BBC’s Stephen Sackur Interviews Ousted Chief Justice Maria Lourdes Sereno (Part 2)

4E32BFB5-1F67-4481-B128-126905DD422BLONDON, Great Britain (The Adobo Chronicles, Berlin Bureau) – Ousted Philippine Supreme Court Justice Maria Lourdes Sereno is taking her case to the news media, making the rounds of television shows both in the Philippines and abroad.

She was interviewed by BBC’s Stephen Sackur on the latter’s ‘Hard Talk’ program.

While the interview is still scheduled to be aired at an undisclosed date, The Adobo Chronicles was able to obtain a copy of the broadcast’s transcript, thanks to our man in London, Crispulo Bacud Tappa.

HERE’S PART 2 OF THAT INTERVIEW: (For Part 1, read it HERE)

SACKUR: What were you thinking when you accepted the position of Chief Justice, Madam Sereno?

SERENO: I was bound by a sense of gratitude to my patron. My allegiance was to him to whom I owed my position.  And that, I am sure, is the same position of any of my co-equals in the judiciary. That’s a culture developed over the years.

SACKUR: Meaning, there is no such thing as judicial independence in your country?

SERENO:  True. How could there be judicial independence when it is  the only co-equal branch where its members get appointed by the head of the Executive Branch. The members of the other two branches get elected. So, we serve to please the powers that be. 

SACKUR: Given a choice, would you rather go through impeachment or quo warranto proceedings?

SERENO: My choice was very clear from the very beginning. I took the pains to telegraph my choice as evidenced by my choice of the color of my clothes….peach. It was a sartorial disaster though,  as nobody took the clue.

SACKUR:  You could have deferred to  your more senior colleagues in the Supreme Court to be the chief and you could have spared yourself from this travesty of your country’s judicial system.

SERENO: Travesty, my foot!

‎Yes, I could have done that, but I was in a hurry for promotion. I could not imagine myself growing old following the order of a graying line down the road before I could become a Chief.

SACKUR: So they say, as you grow old, you acquire wisdom and that complements integrity and probity.

SERENO: (Interjects) Mr. Sackur, this is the beauty of a democracy in the Philippines. Anybody can become President. We had an actor-President, who didn’t play-act his term very well, a widow-President who was over-powered by power itself,  an orphaned-President who didn’t outgrow his childhood, a general-President who thinks his opinion still matters up to this day, a diminutive-President who tried to stand taller than what she really is, and recently, a mass murderer-President  with 16M million minions voting him into power. 

SACKUR: What happens now after you were ousted as Chief Justice?

SERENO: On hindsight, I already lost my career as a lawyer, and I may choose to be a politician  believing that I can short-circuit my way to the Presidency. You just need to be visible. Keep the pace going 24/7 on print, internet, facebook,  radio, and tv, and you are made. My face and name will stick to the minds of the non-thinking voters who, by the way,  we want to remain poor as it is easier to manipulte them for our vested political ends. Name-recall, is what we call it.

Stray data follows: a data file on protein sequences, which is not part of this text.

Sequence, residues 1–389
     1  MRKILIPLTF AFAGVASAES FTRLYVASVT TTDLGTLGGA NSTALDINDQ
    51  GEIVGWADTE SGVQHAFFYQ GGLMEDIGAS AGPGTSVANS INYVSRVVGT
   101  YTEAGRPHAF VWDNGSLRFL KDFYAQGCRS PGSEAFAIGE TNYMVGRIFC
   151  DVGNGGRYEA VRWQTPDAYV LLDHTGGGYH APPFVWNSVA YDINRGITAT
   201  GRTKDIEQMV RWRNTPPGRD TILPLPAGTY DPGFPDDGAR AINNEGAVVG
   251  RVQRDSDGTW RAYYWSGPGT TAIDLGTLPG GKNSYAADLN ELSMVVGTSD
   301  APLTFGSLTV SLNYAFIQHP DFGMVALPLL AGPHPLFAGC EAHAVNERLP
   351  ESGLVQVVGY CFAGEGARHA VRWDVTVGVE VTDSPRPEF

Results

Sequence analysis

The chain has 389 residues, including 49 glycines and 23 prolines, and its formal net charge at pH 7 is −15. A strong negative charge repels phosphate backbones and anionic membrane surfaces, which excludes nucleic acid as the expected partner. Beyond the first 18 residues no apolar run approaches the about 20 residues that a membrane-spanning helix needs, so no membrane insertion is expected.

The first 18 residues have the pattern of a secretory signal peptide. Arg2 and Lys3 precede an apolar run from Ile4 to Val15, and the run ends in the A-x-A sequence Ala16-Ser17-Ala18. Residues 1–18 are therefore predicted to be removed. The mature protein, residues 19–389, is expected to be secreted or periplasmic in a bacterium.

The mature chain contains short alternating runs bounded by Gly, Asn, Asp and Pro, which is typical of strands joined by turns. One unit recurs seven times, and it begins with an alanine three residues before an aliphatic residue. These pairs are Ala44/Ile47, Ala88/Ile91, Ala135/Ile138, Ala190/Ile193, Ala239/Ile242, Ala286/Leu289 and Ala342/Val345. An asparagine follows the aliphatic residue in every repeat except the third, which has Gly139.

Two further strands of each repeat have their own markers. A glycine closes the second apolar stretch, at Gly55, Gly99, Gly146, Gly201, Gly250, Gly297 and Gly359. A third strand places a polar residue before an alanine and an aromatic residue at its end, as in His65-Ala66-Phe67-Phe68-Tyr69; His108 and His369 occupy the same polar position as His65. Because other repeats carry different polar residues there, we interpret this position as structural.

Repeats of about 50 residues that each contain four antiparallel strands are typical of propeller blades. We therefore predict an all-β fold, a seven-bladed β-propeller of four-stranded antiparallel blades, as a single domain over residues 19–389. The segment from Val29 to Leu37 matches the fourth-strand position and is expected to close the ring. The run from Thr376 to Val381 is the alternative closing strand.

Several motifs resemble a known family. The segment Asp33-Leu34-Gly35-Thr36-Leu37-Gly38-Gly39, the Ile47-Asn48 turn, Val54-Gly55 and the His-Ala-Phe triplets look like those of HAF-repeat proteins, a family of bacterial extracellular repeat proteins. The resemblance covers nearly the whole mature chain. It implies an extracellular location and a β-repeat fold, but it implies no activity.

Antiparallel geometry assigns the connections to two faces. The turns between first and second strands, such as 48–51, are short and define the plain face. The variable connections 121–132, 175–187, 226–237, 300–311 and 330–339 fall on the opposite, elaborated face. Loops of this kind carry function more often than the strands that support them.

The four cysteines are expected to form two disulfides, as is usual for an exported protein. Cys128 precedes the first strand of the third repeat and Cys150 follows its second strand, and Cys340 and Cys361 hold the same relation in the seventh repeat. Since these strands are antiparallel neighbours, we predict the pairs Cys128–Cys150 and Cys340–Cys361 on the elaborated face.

SACKUR: Are you confirming this that all these brouhaha is meant to fuel your ambition for the Presidency?

SERENO: True. (without batting an eyelash). That’s the long and short of it, Mr. Sackur. In the Philippines, when you have the support of the oligarchs, the prelate, and a bunch of bloggers in our payroll, you can do anything you want. But again, if that happens, I would be obliged to serve the interest of the oligarchs and the  church leaders who support me. Our brand of politics promotes a vicious cycle of corruption.

SACKUR: Oh, I see now. You said that you are a Christian and not a Catholic. So, how do you reconcile this. I see these pictures in newspapers showing you kneeling on pews in churches, being prayed over, surrounded by nuns and priests. What’s the point?

SERENO: That’s a yellow strategy, Mr Sackur. We are a forgiving people  and our people easily forget that they have been transgressed. Many of our politicians who have been jailed were pardoned and got reelected. And when you get re-elected, the condonation rule applies. Your crime is extinguished. Estrada, Arroyo, and many others have benefitted from this forgiving character of our people. 

But of course, the oligarchs, too, have a very important role to play in national politics. They are the real stakeholders. The preservation of their business is first and foremost their concern. I took to task preserving the estate of my patron and this lead me to where I am now, sadly.

SACKUR: But you don’t seem sad at all, Madam Sereno. I have seen your pictures smiling even on the day you were ousted. Isn’t that a psychological aberration?

SERENO: I choose not to answer that Mr Sackur. I invoke my right to self-incrimination.

SACKUR: I want to ask you this last question as we wind up, Madam Sereno……

SERENO: (Butts In) 

Am I a DEMOCRAT? 

(End of interview)

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